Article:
Thursday, December 17, 2009

Creating a Culture of Information Sharing

Excerpt from U.S. Coast Guard “Proceedings of the Marine Safety & Security Council” magazine. By Ms. Susan Henry, U.S. Coast Guard Information Sharing executive agent.

The Implementing Recommendations of the 9/11 Commission Act of 2007 was signed into law on August 3, 2007, bringing assessment of federal information sharing practices and performance into sharper focus. Though annual assessment of federal information sharing had already been mandated under the Intelligence Reform and Terrorism Prevention Act of 2004, the ownership and scope of the process were uncertain, and the reorganization of the intelligence community was still in progress.

The interpretation of information sharing within the Department of Homeland Security (DHS) has also been evolving since 2004. Within DHS, the vision of our responsibility to share stretches across all threats, all hazards, and all missions under the department’s purview. The Coast Guard is accountable for our information sharing performance across all maritime regimes and all missions, with a huge number and variety of partners.

New Annual Performance Measures
A few months after the 9/11 Commission Act was passed, the program manager for the information sharing environment of the Office of the Director of National Intelligence (ODNI) began working closely with DHS and other federal departments and agencies to identify specific, achievable measures of information sharing performance. The baseline measures focus on several key improvement categories, including:

· establishing integrated policy and practices, such as international agreements, privacy policy, and interagency reporting of suspicious activities;
· establishing agency-level information sharing governance;
· implementing joint federal/state/local fusion centers and “common terrorism information sharing” standards;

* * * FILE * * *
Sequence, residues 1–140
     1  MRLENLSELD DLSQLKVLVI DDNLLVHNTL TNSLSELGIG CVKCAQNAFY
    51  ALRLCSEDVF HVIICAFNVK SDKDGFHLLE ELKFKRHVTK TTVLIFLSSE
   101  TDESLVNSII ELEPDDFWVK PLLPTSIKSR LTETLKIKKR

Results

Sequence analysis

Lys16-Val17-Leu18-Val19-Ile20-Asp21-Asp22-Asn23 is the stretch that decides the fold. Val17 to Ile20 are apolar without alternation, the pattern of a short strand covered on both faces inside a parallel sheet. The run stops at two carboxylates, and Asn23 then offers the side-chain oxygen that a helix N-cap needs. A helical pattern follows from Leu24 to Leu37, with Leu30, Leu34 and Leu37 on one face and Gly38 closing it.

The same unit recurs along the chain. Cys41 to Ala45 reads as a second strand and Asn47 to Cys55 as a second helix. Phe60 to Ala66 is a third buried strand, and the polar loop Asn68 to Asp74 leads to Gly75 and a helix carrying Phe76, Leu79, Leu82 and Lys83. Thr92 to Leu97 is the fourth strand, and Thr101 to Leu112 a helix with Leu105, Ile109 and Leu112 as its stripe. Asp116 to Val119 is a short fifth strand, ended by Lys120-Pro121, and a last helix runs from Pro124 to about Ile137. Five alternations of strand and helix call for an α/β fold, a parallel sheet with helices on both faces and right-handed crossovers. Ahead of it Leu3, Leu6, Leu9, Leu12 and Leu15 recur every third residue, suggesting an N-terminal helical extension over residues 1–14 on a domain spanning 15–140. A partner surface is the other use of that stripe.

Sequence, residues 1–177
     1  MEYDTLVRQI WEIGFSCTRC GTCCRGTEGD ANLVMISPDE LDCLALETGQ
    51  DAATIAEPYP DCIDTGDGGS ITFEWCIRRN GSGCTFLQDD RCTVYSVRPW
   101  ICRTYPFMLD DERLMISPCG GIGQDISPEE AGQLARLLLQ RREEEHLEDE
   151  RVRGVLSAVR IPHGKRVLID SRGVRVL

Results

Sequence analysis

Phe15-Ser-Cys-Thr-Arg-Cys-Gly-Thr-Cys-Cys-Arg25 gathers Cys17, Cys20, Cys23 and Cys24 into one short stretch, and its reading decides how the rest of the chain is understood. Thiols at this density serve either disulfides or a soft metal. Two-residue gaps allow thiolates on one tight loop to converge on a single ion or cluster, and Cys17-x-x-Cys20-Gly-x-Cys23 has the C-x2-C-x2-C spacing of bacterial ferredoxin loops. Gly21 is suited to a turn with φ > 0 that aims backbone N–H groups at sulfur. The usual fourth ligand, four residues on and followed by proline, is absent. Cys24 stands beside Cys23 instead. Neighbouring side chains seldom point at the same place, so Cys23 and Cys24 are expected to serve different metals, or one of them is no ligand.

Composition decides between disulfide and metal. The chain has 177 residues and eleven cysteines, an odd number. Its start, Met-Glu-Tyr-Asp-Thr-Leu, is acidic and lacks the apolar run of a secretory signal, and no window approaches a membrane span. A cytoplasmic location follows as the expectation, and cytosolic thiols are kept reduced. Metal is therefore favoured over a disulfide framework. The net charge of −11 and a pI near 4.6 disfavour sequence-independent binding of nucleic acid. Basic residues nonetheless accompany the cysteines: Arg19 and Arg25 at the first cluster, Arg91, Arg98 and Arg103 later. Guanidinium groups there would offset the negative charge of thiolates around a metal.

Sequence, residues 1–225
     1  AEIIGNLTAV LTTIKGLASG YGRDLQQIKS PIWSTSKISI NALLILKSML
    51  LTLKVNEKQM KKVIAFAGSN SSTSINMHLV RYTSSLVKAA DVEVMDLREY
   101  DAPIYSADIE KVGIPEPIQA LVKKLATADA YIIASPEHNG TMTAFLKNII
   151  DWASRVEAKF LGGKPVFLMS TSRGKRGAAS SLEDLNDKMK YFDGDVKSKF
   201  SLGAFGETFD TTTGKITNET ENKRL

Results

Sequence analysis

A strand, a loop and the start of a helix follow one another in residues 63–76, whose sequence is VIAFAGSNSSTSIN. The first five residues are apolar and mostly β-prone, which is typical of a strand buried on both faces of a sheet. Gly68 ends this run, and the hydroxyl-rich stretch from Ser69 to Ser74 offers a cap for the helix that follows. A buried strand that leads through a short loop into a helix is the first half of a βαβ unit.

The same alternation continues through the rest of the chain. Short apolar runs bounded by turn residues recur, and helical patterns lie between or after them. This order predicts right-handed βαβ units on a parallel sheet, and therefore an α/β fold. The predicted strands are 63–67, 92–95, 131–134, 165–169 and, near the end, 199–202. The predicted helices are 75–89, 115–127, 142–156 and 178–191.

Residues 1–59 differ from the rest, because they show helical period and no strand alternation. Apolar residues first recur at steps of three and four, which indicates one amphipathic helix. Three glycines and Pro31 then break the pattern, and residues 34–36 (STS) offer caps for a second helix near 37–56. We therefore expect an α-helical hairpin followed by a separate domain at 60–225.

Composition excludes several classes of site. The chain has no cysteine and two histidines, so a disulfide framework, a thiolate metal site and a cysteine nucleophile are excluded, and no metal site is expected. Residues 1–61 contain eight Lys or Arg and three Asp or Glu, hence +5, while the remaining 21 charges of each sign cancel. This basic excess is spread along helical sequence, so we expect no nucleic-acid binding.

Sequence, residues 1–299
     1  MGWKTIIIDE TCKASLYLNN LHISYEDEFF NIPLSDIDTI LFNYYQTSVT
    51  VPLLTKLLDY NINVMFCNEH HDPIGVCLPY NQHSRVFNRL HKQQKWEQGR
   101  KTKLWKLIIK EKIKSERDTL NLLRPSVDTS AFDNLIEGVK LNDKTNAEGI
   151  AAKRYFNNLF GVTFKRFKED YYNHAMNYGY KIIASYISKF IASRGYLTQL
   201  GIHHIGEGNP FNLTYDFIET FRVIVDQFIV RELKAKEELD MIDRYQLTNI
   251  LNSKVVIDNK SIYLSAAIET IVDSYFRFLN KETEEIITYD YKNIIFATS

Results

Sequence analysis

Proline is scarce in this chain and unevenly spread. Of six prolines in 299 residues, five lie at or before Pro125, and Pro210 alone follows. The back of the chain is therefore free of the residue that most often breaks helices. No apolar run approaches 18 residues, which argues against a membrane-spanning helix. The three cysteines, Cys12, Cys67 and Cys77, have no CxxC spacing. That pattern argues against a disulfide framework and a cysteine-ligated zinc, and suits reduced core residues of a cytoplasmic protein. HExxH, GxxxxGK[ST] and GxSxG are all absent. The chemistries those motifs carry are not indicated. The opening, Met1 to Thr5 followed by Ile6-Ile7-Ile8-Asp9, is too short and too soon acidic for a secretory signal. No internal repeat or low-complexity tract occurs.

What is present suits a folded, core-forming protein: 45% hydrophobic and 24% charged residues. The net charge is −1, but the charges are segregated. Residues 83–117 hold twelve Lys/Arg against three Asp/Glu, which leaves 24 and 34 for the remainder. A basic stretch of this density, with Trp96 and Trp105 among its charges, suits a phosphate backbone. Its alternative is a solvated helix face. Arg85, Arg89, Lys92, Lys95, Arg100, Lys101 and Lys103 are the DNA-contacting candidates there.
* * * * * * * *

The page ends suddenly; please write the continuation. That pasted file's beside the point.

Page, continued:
· cultural transformation (including personnel incentives and disincentives) and training.

In the summer of 2008 ODNI used an overall list of 14 key measures to create and present the first annual report to Congress.

How Do We Measure Up?
Coast Guard missions have always required information sharing with international, federal, state, local, tribal, industry, public, and private partners. As a result of our tradition of information sharing, our entering position against the new baseline measures is strong. Coast Guard sector commanders have actively pursued new collaborative planning, prevention, and response partnerships at the local level. Regional alliances promoted by federal law, policy, sponsorship, and grants, such as area maritime security committees, have been added to existing area contingency plan-based and Incident Command System-oriented partnerships.

DHS has formed several focused shared mission communities already. New shared mission communities will focus on other aspects of the “all threats, all hazards” DHS realm, establishing policy-level collaboration in critical infrastructure, incident response, and other concerns crucial to safety and security. These will cut across all Coast Guard missions, and all will require Coast Guard representation.

What Do We Still Need to Do?
To account for the information sharing we already do, we need to establish enterprise information sharing governance. We need to develop an agency-level information sharing strategy that publicly articulates the improvements we intend to support and invest in for the future. We need to continue to develop an information sharing segment architecture to ensure that our essential exchanges of information with our partners become part of our capability requirements. We also clearly need better collaborative, networked capabilities to work efficiently and effectively with our partners at local and regional levels.

Consistent with the 9/11 Commission Report’s call to “unity of effort” in information sharing, the new federal annual performance measures also call us to create a culture of information sharing. To facilitate this, we must include measurable improvements to our personnel evaluation and appraisal standards and institute incentives and rewards for excellence in information sharing, as well as disincentives for obstructing information sharing with our partners.

As a whole, our monitoring of Coast Guard field units’ information sharing practices shows a multi-mission federal agency stretching to the limits of its resources to share information in order to increase operational effectiveness. The new federal information sharing performance measures give us additional opportunities to showcase successful partnering, better document our constraints, and continue to improve the safety and security of the U.S. maritime domain.

For more information:
Full article and “Focus on Safety” edition of USCG Proceedings is available at Click on “archives” and then “2008 Vol. 65, Number 2” (Summer 2008).

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